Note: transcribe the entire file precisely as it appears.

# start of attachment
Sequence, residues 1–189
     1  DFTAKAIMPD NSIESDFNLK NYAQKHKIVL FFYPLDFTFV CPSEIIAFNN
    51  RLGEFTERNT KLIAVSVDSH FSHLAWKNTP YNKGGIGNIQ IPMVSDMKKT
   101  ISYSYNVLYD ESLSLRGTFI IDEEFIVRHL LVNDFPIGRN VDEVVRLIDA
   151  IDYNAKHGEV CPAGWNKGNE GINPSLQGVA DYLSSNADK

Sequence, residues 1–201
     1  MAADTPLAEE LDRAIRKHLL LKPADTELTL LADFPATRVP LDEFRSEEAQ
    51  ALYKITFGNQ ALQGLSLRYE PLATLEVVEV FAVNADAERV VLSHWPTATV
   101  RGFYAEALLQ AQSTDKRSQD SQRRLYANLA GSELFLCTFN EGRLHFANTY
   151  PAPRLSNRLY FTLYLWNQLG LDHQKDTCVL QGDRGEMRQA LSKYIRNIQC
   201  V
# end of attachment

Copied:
Sequence, residues 1–189
     1  DFTAKAIMPD NSIESDFNLK NYAQKHKIVL FFYPLDFTFV CPSEIIAFNN
    51  RLGEFTERNT KLIAVSVDSH FSHLAWKNTP YNKGGIGNIQ IPMVSDMKKT
   101  ISYSYNVLYD ESLSLRGTFI IDEEFIVRHL LVNDFPIGRN VDEVVRLIDA
   151  IDYNAKHGEV CPAGWNKGNE GINPSLQGVA DYLSSNADK

Sequence, residues 1–201
     1  MAADTPLAEE LDRAIRKHLL LKPADTELTL LADFPATRVP LDEFRSEEAQ
    51  ALYKITFGNQ ALQGLSLRYE PLATLEVVEV FAVNADAERV VLSHWPTATV
   101  RGFYAEALLQ AQSTDKRSQD SQRRLYANLA GSELFLCTFN EGRLHFANTY
   151  PAPRLSNRLY FTLYLWNQLG LDHQKDTCVL QGDRGEMRQA LSKYIRNIQC
   201  V